Sources of resistance to early blight, Alternaria solani, and transfer to tomato, Lycopersicon esculentum

How to Cite

Martin, F. W., & Hepperly, P. (1987). Sources of resistance to early blight, Alternaria solani, and transfer to tomato, Lycopersicon esculentum. The Journal of Agriculture of the University of Puerto Rico, 71(1), 85–95.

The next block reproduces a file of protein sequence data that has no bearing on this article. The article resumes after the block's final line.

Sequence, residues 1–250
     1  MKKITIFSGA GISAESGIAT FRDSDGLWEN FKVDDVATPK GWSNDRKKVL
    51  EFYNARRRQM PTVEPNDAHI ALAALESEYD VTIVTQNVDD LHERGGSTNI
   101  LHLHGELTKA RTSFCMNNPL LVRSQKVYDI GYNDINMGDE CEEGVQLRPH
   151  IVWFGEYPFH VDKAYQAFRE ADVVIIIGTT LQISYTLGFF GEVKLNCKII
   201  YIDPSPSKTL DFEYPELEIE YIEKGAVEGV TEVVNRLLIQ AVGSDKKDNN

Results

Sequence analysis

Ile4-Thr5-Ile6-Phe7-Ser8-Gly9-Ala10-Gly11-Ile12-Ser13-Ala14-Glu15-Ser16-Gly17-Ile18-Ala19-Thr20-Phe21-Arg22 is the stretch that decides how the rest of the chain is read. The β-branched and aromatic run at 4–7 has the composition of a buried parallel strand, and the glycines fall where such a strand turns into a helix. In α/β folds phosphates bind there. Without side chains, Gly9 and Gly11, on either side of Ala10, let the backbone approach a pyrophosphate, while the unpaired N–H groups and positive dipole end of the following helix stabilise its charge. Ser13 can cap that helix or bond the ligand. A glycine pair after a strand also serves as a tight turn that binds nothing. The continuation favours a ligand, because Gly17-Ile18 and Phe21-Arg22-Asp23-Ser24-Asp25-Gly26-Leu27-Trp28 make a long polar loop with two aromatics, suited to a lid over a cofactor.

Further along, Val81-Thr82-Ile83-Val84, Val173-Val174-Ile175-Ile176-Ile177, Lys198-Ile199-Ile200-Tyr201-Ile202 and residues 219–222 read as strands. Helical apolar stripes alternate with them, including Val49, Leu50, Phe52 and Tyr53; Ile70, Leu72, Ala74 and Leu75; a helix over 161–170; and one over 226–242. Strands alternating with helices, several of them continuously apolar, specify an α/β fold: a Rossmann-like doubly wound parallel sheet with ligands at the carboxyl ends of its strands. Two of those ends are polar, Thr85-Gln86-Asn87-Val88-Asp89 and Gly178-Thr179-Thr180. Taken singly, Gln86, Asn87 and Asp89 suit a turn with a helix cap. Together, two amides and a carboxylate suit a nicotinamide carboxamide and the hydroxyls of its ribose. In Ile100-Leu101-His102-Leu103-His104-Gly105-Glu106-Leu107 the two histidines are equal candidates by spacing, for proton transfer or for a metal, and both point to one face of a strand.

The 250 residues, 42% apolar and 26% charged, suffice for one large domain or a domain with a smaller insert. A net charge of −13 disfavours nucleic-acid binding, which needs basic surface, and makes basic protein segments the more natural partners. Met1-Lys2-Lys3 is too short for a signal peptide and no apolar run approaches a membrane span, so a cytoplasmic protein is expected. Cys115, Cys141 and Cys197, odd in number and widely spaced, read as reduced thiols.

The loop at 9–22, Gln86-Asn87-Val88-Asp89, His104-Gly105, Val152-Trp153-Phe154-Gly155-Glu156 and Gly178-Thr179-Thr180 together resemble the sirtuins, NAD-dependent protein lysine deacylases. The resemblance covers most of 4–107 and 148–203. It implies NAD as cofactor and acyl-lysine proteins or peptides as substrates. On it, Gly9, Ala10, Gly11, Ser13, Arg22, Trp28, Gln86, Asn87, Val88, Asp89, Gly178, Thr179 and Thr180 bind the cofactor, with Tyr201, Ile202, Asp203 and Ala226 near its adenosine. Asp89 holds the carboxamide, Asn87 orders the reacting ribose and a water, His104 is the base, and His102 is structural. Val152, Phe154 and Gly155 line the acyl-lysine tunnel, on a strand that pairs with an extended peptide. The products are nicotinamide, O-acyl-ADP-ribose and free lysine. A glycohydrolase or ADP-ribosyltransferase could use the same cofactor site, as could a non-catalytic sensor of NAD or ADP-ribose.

Tomato entries reported as early blight resistant were collected and evaluated under severe early blight infection in the warm rainy summer months of 1982-1985 in Mayagüez, Puerto Rico to identify sources with useful resistance in Puerto Rico. Of the common tomato lines, 84B 510-4 was the closest in resistance to the best wild tomato species, which are less susceptible to early blight than common tomatoes. Useful field resistance was found in the minority of cases, but one or more entries of L. esculentum f. cerasiforme, L. pimpinellifolium, L. esculentum X L. pimpinellifolium, and L. hirsutum var. typicum showed useful early blight resistance. Lowest disease ratings were found in varieties of L. hirsutum, which also showed the lowest yield. Better fruiting was found in L. pimpinellifolium although resistance levels were slightly less. Crosses of L. pimpinellifolium and L. hirsutum with useful early blight resistance to susceptible L. esculentum were followed in F1, F2, and F3 generations. Resistance appeared partially dominant from F1 disease ratings, and segregation in F2 suggested that many modifying genes both dominant and recessive were probably involved in conditioning early blight resistance. Generally, common tomatoes appear much more susceptible to early blight than wild species. To enlarge the pool of early blight resistence genes, F2 selection and progressive back crosses are suggested. Susceptible tomatoes were defoliated by early blight within one month after first flower during the warm rainy months; whereas, entries with useful resistance defoliated from 6 weeks to 2 months after the same stage.


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